The Chronicles continue…

Rapidly changing weather makes for tough clothing choices. Layers as a concept is fine, but making that work in urban, suburban, on bike, off bike, in and out of stores kinda a deal can be harder. A few thoughts on that.

Being perfectly comfortable all the time with the range of weather we’ve been experiencing is difficult. If you want to simplify what you’re carrying, change your expectations. Be prepared to be cold or hot some of the time and it all gets easier. Do figure out how hot or cold you’re willing to be, and layer accordingly, but if you’re determined not to carry clothes, it’s hard to cover the range from 36F to 72F, both indoors and out, on bike and off, without some sort of compromise. If you can, please let me know what clothes allowed you to do that.

A great piece for me is a light sweater with a standing collar (1/4 zip). It keeps me warm, rarely gets too hot in an conditioned office or light breeze while keeping me from getting cold and clammy feeling. I have one from North Face (it has a nice fleece lining on the collar) I bought on clearance at EMS on club day (who doesn’t like a double discount) but any brand will do… just make sure it’s light.


But even as I play chess with the weather I try to simplify other aspects of my life through the continuing search for products that work in more than one setting (thus allowing me to have fewer or less, which in turns reduces my option anxiety). In the shoes that are comfortable in numerous settings category I’ve inducted Dansko clogs.

“It began with a uniquely designed and patented Danish clog, discovered by company founders Mandy Cabot and Peter Kjellerup, in a tiny shop in Denmark in the late 1980s. This husband and wife team, then professional horse trainers, flipped over their discovery of “the perfect barn shoe,” and, quite literally, put them through two years of “acid-testing.” Mandy and Peter found these shoes to be extraordinarily comfortable, virtually indestructible, and attractive enough to wear almost anywhere. They were the only shoes they ever wore. Mandy and Peter secured the exclusive rights to the stapled clog product line from Denmark, and “Dansko, Inc.” was up and running in 1991.”

Nice story eh? Anyway, they’re plenty comfortable and can easily fit into work, casual, and chores situations. Casual biking only please (atmo).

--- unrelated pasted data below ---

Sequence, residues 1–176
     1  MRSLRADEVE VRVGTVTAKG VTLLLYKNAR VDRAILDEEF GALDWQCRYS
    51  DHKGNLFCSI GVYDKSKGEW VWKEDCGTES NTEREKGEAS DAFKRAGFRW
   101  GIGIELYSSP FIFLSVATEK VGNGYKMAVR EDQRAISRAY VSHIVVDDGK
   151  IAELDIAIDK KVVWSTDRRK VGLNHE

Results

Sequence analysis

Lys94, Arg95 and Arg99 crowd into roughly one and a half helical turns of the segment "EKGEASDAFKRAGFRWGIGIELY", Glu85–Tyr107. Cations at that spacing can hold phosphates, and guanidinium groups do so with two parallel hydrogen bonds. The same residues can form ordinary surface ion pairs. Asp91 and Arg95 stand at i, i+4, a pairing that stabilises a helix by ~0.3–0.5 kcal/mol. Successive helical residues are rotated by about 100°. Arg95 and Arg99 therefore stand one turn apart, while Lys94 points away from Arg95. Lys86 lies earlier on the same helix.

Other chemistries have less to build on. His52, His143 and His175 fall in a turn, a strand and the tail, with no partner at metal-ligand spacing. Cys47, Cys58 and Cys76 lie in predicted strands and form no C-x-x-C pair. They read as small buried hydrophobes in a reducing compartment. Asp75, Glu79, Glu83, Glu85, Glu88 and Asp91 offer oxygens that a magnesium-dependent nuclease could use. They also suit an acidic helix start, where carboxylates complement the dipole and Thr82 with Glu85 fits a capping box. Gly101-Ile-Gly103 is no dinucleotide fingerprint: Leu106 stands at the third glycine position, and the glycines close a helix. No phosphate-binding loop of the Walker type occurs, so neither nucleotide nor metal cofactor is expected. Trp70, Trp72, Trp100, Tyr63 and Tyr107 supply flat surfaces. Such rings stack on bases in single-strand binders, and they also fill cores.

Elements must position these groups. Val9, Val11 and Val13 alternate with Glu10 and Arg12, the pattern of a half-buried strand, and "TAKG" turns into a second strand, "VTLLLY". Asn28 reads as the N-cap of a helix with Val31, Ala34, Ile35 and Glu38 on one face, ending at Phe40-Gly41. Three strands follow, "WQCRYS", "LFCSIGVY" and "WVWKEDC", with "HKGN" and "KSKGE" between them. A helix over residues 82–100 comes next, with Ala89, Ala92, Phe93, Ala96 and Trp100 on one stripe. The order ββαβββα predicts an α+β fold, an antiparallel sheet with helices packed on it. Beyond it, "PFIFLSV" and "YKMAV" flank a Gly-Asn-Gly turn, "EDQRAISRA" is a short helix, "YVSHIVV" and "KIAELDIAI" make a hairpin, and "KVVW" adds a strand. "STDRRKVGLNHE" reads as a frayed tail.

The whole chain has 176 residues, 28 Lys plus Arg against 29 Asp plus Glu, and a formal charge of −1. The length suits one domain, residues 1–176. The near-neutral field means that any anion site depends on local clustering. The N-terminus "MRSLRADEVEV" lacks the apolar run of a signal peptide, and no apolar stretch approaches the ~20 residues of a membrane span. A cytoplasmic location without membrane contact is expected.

rapha boxers black

I have a couple of pieces like Chrome’s Shins that have a bit of padding to make biking more comfy without the “it works on the bike but not off” effect of regular bibs or shorts. But because it’s built into the clothes, if the look ain’t right (I can’t really wear knickers at work) then they’re not a choice. Providing more options, I’m really enjoying Rapha’s new merino boxers. Merino is a true wonder material, the Cyfac pad rapha cyfac boxer pad is useful on the bike but not overwhelming off, and for those trips to park where TheKid™ is on, then off the bike, in, then out of the trailer, playing on the bars and then onto the next thing, they’re a great option making the riding more comfy and hanging out off the bike more casual and less technical. Rapha warns to order down one size, I’d say for sure.

Now I know what you’re thinking… Aren’t they a bit warm? I’ll have to keep you posted. So far? Nope. They do sport light mesh panels on the sides which helps them breath. They have flatlocked stitching so the seams won’t chafe, and they do have a fly if you find that helpful. And no… I’ll not be modeling them (count yourself lucky).

[Seriously? You need to ask me if something from Rapha is expensive? In this case, moderately so if you consider what you pay for cycling shorts, significantly so depending on what you pay for underwear.]

Not that it affects any improvement on the layering or performance issues, but a cool T is just that. Johan Bruyneel is branching out from his role as one of the most successful cycling team managers to a purveyor of shmatas. Pave is cool though, so I sport this in good fun. Watch out for the women’s sizing, they run small, order up one.


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